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My Loved One Passed Away… What Now?

| Feb 28, 2024 | Probate

Losing a loved one is one of the most challenging experiences in life. Even with preparation, saying goodbye creates an irreplaceable void. Although nothing can alleviate the pain, leaving thorough instructions for loved ones is one of the most valuable gifts you can give them.

The funeral home can assist you with many of the initial decisions; however, there is still work to be done after the funeral service is over. Once your loved one has passed away, it is important to notify all relevant parties, not only family members but also employers, co-workers, professional contacts, the social security office, banks, advisors, insurance companies, retirement benefit administrators, veterans affairs, and credit card companies, among others.

Once you have organized and conducted the funeral arrangements, the next step is to settle your loved one’s estate. This process can be lengthy, but tackling each task one by one can make it more manageable. The level of complexity involved will depend on the planning your loved one had done beforehand.

In Michigan, if a loved one passes away without an estate plan, such as a will or trust, they are considered to have died intestate. This means that the state’s intestacy laws will determine who, how, and when the deceased’s property will be distributed.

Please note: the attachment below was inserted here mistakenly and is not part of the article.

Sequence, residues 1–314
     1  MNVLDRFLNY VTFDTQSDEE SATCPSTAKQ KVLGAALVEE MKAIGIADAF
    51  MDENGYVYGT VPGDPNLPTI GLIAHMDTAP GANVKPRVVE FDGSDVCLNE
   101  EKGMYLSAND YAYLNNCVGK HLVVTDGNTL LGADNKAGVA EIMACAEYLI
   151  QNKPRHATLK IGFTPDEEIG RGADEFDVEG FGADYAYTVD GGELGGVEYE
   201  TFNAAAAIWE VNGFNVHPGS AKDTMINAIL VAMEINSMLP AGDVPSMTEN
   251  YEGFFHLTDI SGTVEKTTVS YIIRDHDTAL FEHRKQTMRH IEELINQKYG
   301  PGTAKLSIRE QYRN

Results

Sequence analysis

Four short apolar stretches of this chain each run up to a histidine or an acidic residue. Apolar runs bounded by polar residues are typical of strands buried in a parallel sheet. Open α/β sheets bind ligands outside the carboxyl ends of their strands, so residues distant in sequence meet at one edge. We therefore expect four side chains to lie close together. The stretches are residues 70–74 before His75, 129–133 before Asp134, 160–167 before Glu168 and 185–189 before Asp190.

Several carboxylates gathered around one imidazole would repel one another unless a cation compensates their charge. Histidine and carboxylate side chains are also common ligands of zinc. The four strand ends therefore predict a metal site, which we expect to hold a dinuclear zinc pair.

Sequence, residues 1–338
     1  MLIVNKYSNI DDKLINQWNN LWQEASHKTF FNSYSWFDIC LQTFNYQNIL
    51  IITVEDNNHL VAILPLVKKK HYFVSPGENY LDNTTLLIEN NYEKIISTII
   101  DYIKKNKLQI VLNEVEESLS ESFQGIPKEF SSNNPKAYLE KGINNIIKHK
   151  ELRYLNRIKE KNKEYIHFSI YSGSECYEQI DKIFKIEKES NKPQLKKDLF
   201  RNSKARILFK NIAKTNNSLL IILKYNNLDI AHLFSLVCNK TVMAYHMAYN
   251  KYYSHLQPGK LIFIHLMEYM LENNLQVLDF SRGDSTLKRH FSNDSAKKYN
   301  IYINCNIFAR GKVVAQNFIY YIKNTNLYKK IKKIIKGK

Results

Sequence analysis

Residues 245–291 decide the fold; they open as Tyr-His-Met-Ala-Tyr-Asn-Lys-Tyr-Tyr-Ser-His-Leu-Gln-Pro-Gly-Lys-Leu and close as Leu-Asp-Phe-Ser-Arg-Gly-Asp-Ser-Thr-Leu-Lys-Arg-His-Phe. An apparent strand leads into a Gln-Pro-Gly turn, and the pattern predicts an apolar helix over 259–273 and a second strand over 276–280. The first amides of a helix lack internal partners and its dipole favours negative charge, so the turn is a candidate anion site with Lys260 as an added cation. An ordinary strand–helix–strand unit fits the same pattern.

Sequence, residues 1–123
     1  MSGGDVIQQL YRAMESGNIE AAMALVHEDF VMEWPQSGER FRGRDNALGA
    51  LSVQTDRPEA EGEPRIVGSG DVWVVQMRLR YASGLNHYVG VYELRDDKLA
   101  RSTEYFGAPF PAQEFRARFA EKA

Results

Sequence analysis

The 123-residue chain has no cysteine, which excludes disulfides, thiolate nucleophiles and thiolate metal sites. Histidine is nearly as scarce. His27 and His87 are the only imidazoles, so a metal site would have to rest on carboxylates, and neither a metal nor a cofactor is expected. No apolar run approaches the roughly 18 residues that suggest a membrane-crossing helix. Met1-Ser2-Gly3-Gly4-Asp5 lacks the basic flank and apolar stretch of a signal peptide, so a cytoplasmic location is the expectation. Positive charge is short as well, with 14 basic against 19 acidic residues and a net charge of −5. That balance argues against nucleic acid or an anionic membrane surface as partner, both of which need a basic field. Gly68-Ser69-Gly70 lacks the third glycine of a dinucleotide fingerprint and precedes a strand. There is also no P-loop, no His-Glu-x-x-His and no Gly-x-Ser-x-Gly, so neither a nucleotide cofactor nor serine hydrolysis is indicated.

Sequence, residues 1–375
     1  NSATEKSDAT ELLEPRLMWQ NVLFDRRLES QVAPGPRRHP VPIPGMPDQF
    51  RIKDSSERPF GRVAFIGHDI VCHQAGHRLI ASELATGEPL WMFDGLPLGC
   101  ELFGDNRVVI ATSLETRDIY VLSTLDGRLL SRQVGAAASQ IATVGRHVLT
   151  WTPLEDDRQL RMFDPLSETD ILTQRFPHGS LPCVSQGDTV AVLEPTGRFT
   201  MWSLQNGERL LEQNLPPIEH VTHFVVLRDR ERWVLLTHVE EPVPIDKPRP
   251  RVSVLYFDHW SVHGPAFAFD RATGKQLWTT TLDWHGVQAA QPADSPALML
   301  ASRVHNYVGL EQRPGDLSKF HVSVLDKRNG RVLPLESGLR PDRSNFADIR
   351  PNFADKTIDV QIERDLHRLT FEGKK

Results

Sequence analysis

If your loved one passed away with a will, the Probate Court will utilize it as a guide to distribute their property following the terms of the will. Despite its usefulness, a will does not prevent probate; it merely supplies the court with a set of directives. It’s worth noting that while the deceased can dictate which beneficiaries receive what from their estate, they cannot create complex provisions involving future interests, like dividing assets based on age or setting limits on distributions for those challenged with managing their finances.

Finally, in the event that the deceased individual had a living trust, their family could potentially avoid the probate process altogether. A living trust is a versatile tool for estate planning, as it allows you to specify who will inherit your assets, when they will receive them, and how they will receive them. Additionally, a living trust enables you to establish conditions for the distribution of your assets, such as reaching a certain age or meeting specific milestones. Moreover, if you have a beneficiary who may struggle with managing finances or has an addiction, you can include requirements that must be met before any assets are distributed to them.

Administering a deceased estate under Michigan intestacy law can be complex, so it’s helpful to consult an attorney. At Parakletos Law, we provide comprehensive assistance and walk with you every step of the way.